But rather like one of those mass-produced chocolates in those big mass-produced tins, this specific bonbon of Christmas nostalgia is wrapped around a softer centre, for baked inside this Proustian madeleine is another. That I cleave so affectionately to Hely-Hutchinson’s atmospheric conflation of The Coventry Carol and The First Noel has as much to do with the age I was when I first heard it, as it does with the particular merits – or otherwise – of the music itself.

First and foremost, Andante quasi lento e contabile reminds me of my father in ways both welcome and less so. Hely-Hutchinson’s music carries inside it a very pure memory of my family, and thanks to the internet, I can be super-exact about its temporal coordinates: Christmas Eve, 1984, a little after 5pm. Our Christmas tree is sitting on top of the triangle-shaped coffee-table, squidged between the armchair and the sofa and throwing up scintillas against the rice-pudding sheen of our chip paper wallpaper. Dad is home early from work, and we’re all waiting for the final episode of The Box Of Delights to begin, the BBC’s adaptation of John Masefield’s novel. For its signature tune, The Box Of Delights has taken the plucked harp from Hely-Hutchinson’s take on The First Noel. I don’t know the provenance of the music then, but I absolutely delight in the way it calls immediately for the hairs on my arms to rise in anticipation of what it to come. I’m fizzing with a curious brew of ‘Christmasness’ and dread, with pleasure and suspense – with pleasure in suspense. As the gas fire hisses, filling our living room with luxurious heat, I realise this is Christmas right here, right now; that it lives not in the brash adverts for children’s toys, or on Top of the Pops, but here, in this moment of exciting suspenseful darkness, here in this haunted music-box of a Christmas carol. For the record, it’s not just me, as someone wrote in the Radio Times back in 2015:

“The Box of Delights made a big impression on those who saw it when it originally aired more than three decades ago on BBC1. Mainly because it somehow managed to be the image of snowy Edwardian chocolate-box perfection, and pretty bloody creepy at the same time…”



That dad was home to watch this final episode with us is no small part of why this memory endures so powerfully. In common with my future self, who will later propel Hely-Hutchinson’s music out into the empty spaces of a near-deserted University campus in an effort to transform it for others, my pleasure at watching The Box of Delights was a pleasure doubled because it was pleasure shared. That my dad was there, taking this fantastical journey with me, seemed to be of special importance. Our family felt very close that Christmas Eve, drawing closer, Hely-Hutchinson’s music helping us towards each other with all its mystery, threat and promise of magic. This was the start of Christmas proper, the front door shut against the cold, work finished, school a distant memory, and the embargo on that year’s special purchases of Paynes Chocolate Brazils and Turkish Delight finally lifted.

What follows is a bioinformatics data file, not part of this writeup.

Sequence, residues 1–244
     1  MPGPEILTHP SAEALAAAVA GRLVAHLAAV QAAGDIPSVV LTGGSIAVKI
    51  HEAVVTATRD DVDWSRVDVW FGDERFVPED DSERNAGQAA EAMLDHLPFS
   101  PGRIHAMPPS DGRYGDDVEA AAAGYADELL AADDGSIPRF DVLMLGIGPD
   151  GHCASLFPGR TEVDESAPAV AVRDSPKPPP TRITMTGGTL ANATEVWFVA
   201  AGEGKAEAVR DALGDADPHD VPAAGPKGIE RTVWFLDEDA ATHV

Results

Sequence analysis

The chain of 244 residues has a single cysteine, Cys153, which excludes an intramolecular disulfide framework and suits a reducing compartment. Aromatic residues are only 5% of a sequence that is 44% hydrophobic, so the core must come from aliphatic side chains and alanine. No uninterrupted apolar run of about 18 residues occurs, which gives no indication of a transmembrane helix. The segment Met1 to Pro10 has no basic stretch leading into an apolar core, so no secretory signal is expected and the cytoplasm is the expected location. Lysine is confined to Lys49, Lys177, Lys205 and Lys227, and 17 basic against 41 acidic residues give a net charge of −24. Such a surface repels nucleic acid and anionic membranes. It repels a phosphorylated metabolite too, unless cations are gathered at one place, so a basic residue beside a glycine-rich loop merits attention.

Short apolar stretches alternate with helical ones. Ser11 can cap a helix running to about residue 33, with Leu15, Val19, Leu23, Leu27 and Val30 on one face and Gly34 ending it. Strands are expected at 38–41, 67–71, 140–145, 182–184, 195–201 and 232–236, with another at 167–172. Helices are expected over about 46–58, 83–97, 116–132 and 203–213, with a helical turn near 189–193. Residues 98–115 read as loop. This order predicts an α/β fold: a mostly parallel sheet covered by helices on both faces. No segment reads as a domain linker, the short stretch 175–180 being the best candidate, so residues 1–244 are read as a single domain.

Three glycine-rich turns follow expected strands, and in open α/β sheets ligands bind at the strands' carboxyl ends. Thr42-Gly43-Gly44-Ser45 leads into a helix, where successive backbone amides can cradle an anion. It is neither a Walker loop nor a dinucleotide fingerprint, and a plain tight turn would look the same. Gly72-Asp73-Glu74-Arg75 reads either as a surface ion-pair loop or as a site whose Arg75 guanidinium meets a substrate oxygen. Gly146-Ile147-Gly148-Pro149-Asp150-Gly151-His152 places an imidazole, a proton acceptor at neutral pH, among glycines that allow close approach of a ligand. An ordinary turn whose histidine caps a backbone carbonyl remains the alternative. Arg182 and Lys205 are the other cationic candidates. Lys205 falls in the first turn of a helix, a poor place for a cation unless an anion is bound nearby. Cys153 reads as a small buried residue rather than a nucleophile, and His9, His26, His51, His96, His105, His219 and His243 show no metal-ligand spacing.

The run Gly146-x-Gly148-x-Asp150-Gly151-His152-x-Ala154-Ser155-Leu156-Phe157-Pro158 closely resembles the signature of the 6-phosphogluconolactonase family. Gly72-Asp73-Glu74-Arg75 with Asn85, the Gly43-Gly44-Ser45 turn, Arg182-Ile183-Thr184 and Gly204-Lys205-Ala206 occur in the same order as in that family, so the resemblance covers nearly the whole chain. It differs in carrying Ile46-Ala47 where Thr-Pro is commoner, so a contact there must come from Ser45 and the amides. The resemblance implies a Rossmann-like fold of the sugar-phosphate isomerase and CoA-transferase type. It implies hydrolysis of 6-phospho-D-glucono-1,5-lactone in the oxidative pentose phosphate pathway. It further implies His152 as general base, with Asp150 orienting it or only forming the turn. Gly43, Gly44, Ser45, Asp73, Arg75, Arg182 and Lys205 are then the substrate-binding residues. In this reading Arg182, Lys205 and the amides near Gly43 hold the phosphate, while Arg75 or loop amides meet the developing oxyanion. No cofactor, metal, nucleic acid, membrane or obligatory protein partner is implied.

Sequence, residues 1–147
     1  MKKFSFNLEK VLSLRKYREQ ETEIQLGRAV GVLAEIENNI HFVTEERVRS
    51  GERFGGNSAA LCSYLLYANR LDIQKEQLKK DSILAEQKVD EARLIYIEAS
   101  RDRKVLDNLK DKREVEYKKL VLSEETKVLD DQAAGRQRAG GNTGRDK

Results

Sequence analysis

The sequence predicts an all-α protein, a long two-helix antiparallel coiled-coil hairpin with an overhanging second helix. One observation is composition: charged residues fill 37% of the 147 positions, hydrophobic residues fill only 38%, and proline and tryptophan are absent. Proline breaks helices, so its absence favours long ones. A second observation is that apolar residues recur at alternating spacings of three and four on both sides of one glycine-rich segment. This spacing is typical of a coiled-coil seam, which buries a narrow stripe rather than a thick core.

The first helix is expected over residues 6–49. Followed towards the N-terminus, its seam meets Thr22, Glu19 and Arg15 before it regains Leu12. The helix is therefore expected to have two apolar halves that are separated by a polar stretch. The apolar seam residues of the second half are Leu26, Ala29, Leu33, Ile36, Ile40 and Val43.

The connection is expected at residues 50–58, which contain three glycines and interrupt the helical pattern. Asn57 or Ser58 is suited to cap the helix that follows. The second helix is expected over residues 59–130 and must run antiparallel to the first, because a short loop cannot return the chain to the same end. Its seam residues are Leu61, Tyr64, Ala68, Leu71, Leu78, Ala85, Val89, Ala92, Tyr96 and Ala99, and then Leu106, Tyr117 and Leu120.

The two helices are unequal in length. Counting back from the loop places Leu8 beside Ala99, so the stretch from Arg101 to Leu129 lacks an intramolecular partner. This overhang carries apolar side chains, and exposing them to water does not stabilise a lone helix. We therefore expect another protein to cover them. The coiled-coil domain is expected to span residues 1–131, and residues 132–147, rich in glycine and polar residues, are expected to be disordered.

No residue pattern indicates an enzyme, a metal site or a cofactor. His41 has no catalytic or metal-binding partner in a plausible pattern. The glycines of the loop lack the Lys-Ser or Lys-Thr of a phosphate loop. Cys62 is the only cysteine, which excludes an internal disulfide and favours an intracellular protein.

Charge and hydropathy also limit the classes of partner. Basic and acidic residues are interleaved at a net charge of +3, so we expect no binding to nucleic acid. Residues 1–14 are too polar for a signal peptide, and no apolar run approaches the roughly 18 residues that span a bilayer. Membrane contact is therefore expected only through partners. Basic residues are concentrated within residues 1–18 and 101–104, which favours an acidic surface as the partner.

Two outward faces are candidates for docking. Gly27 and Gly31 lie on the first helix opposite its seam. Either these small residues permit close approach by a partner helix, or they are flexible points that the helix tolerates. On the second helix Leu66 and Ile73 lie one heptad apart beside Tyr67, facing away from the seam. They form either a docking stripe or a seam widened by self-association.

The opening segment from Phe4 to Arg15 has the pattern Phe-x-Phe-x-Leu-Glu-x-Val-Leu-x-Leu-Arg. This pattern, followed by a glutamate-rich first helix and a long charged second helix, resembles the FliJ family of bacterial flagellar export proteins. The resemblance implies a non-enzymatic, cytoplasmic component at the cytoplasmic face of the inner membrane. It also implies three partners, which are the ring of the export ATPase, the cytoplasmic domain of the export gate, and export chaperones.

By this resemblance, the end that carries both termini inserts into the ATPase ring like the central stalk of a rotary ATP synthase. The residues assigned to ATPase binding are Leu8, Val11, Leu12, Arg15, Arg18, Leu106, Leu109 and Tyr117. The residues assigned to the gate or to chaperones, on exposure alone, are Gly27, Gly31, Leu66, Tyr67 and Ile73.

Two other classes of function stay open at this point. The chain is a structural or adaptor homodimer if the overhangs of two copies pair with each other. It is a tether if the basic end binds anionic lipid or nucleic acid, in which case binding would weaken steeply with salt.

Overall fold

In March of the following year, my father would leave us for another life with another family. Realistically speaking, this last Christmas spent as a family was surely a strained and miserable episode for my parents, and I think for my older brother too, who knew all of it before me. I wonder what they were thinking about as Hely-Hutchinson’s music began to play on our television? At least two of us were dreaming about journeying to another world entirely. It beggars belief I failed to intuit some of what was happening before it happened. Or maybe I did? Maybe the proof of what I knew is found in everything I’ve already written here, the import, clarity and preciousness of this perfect Christmas memory deriving from a child’s desperate act of magical thinking.

When, as sometimes happens, I find myself crying at the Andante quasi lento e contabile, I always try to figure out why. It is not a simple grief, because sometimes the tears feel like they are the physical expression of a surplus of hope. They squeeze out of me, silvered and involuntary. I suspect they are tears of frustration too, of disappointment with the synthetic sentimentality of the Christmas season and my struggle to go on feeling it – any of it. Hely-Hutchinson’s music surely makes me yearn for long walks at midnight on Christmas Eve, crumping across thick snow, and I think, if one day I do take a walk like that, I will come to understand how to ‘do’ Christmas again in some profound, legitimate way, and that it will fit with me again, as I think it once did.

And when I cry a bit, yes, I’m missing all those bloody students and the feeling being there for them gave me. I think, hand-on-heart, what I’m experiencing when I hear Hely-Hutchinson’s Andante quasi lento e contabile is loss – the loss of the child I once was and will never be again, and the loss of the children I don’t have and will never have, that pyjamaed tribe for whom I know I could get Christmas right; a sprinkle of ghosts and shadow, a perfect fragrance of clementine spritzed with my thumbnail, and all this imagination of mine poured into theirs, children I would never leave.


3 thoughts on “MFT #10 ‘Andante quasi lento e contabile’ – from A Carol Symphony by Victor Hely-Hutchinson (1927)